Hunger Games, Gethsemane, and Golgotha
A confession. Last week I read the Hunger Games. Yeah, it was written for teenagers. But I wanted to stay current on my son's pop culture.
Who really wants to read about teenage survival games taken to deadly extremes? This seemed repulsive to me. I figured that a few chapters would be all I needed to rebuke the trilogy book series, ban it from my home, and discourage my son from seeing the movie.
Instead, I couldn’t put the first book down, and finished it in a single, 24-hour period. "Might as well see the movie too"… opening day at theatres.
It's no wonder the books are hot sellers. They're edge-of-your-seat reads. Of course, the movie is never as good as the book. So after the movie, I started the second book – and finished it one day later.
As a culture, we are fascinated with suspense and emotionally enthralled over battles between good and evil. We’re wired to see good prevail… and evil meet justice.
Good Friday Games
There's an eerie resemblance between the events in the games and those around the first Good Friday 2,000 years ago. But instead of teenagers playing for their lives, God’s son was playing for ours.
The night before the games, Jesus gathers with the Good Guys for a meal…we call it the Last Supper. It's like the final banquet on the eve of the games, before the players are launched into the arena.
In the games, they know it could be their last meal. It’s a good time to formalize final alliances. Jesus sensed similar opportunities and used the banquet to set some things straight.
Surveying his 12 friends at the table, Jesus separates the true allies from the fake ones. He picks a Good Guy from the group, says a few words, gives him a piece of bread…and sends him on his way. Good Guy now turns to Bad Guy.
The remaining Good Guys at the table size up what they think Jesus meant by his instructions. But as is often the case with psychology in the games, they were wrong. Besides, Jesus always operated on a different level.
Games Underway in Gethsemane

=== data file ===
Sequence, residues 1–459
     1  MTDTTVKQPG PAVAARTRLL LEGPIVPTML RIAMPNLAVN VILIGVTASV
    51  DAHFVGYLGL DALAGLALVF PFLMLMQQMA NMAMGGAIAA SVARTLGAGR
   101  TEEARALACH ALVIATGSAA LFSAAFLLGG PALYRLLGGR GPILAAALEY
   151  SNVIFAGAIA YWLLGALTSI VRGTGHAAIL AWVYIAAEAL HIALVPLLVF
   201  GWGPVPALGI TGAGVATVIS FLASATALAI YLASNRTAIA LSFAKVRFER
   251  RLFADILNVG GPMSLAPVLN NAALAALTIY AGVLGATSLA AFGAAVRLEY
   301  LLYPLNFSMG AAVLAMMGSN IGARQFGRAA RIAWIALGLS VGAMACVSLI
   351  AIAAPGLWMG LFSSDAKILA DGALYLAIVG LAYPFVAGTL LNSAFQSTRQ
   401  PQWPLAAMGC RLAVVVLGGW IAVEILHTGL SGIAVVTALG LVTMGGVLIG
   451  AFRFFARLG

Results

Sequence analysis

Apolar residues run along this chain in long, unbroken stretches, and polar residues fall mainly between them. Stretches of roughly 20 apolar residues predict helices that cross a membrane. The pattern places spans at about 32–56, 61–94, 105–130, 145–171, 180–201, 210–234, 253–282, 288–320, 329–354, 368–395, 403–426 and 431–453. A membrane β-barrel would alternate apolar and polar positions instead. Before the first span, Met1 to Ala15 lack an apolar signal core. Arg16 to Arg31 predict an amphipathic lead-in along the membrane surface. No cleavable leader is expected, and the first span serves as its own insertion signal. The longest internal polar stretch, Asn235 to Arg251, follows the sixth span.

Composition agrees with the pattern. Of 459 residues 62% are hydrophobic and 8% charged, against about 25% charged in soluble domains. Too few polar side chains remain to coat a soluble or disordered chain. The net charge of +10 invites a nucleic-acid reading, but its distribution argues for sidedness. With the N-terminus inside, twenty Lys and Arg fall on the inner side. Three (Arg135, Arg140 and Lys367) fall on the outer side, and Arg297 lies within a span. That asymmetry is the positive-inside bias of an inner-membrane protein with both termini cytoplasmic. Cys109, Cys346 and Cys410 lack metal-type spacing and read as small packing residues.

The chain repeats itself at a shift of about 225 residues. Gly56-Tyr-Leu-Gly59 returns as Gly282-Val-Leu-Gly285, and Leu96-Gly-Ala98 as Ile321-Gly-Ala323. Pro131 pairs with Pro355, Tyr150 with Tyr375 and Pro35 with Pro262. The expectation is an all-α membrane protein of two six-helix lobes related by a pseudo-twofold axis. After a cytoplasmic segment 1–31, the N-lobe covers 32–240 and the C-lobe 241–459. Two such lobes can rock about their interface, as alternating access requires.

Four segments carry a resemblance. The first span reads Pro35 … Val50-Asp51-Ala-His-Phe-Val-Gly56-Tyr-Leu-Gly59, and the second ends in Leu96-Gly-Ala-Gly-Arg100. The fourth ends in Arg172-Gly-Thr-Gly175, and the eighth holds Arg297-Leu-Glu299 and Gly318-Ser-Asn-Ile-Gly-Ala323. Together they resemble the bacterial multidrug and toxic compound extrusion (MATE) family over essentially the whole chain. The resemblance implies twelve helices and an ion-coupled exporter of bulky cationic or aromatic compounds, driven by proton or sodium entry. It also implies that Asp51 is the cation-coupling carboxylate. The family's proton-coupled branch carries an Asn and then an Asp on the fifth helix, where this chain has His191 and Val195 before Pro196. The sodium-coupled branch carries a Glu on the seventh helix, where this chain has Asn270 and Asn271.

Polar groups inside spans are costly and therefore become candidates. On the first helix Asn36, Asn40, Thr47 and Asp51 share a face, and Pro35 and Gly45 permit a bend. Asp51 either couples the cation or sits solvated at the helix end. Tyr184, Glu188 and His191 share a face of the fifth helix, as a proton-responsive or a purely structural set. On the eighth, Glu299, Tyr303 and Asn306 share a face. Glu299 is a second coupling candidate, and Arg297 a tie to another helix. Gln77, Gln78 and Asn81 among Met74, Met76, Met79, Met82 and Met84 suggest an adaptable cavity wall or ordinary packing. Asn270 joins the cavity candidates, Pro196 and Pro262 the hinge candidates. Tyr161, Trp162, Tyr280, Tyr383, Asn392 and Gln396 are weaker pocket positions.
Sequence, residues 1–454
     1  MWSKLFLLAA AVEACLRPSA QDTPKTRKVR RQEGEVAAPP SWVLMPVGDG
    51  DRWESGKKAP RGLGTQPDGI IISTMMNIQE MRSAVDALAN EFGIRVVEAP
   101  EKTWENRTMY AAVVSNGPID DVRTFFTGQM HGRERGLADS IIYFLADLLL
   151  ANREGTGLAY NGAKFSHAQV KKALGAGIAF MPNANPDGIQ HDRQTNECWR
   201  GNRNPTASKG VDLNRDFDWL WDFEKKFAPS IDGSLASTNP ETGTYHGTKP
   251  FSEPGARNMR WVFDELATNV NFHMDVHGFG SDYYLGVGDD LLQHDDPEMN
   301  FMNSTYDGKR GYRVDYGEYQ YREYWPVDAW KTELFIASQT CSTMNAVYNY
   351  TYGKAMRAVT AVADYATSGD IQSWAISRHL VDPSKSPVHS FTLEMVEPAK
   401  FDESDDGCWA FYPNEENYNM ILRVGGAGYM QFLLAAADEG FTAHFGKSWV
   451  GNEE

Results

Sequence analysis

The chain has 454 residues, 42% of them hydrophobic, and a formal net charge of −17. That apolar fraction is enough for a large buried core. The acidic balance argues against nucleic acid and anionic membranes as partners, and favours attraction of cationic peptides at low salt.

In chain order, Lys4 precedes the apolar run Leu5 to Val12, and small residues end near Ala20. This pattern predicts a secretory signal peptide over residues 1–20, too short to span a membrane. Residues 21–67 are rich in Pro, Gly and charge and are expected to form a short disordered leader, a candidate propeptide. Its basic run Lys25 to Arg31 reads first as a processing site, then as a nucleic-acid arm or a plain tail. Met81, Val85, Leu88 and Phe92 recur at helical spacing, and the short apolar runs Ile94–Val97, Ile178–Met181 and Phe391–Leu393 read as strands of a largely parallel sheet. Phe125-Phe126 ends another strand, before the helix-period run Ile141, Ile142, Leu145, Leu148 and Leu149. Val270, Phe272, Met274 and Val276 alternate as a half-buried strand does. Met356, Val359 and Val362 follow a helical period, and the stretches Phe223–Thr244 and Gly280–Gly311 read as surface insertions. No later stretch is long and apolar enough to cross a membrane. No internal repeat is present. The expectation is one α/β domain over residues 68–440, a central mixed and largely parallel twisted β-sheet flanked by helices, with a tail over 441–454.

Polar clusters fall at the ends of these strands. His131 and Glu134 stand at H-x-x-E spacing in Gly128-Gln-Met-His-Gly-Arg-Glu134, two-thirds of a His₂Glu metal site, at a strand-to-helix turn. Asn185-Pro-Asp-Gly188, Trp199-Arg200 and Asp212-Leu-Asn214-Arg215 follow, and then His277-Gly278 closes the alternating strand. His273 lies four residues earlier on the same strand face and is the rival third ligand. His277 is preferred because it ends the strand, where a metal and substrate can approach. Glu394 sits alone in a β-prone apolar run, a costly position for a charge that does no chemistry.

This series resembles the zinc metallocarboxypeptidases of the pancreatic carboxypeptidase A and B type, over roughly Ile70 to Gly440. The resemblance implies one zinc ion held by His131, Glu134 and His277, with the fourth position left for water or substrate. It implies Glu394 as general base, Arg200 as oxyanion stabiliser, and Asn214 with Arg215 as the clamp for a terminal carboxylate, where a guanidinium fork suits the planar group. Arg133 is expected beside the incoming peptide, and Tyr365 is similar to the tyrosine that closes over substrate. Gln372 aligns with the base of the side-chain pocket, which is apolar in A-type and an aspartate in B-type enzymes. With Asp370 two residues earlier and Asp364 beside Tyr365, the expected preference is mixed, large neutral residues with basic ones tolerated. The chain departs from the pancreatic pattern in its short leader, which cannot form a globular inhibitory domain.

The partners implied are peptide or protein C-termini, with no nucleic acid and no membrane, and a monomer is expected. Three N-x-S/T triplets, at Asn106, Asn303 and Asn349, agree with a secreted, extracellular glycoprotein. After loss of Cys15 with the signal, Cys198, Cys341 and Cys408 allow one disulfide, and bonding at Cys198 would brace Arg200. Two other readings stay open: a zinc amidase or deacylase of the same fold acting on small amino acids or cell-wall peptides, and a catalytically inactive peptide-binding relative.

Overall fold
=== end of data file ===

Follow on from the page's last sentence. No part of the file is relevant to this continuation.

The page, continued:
The Good Friday games begin in a garden…Gethsemane. During the night watch, Jesus knows Bad Guys are looming. But the Good Guys are clueless. None are able to keep watch with Jesus. And like the sleep-deprived in the games, Jesus is exhausted.
After hours of suspense and sweat-dripping blood, Jesus senses action is imminent. Sure enough, the Bad Guys are in pursuit. Good-Guy-Turned-Bad Guy is leading the charge.
Things get heated quickly. A traitor’s kiss sets it off. Swords are drawn. A Good Guy slices off a Bad Guy's ear - what a strike that must have been.
Like tokens of mercy in the games, Jesus shows mercy in the garden, too. He picks up Bad Guy's ear and puts it back in place. (For those who saw the movie, think of a parachute of healing cream floating into the arena.)
Sadly, mercy is not always returned. Jesus is arrested, and Bad Guys take Him away. Good Guys flee in fear. The alliance disbands. To stay together would be too dangerous.
There are no "mockingjays" in the garden to relay messages or torment players. But there was a particular rooster to remind a Good Guy of his decision to finish out the games alone. The sound of the crow harasses him.
Meanwhile, Good-Guy-Turned-Bad-Guy is an emotional wreck. He regrets breaking rank and says "I want out." Too late. The effects of betrayal are too much to bear, and he hurls himself off a cliff. A player has been eliminated. (If this were the games, a cannon would sound.)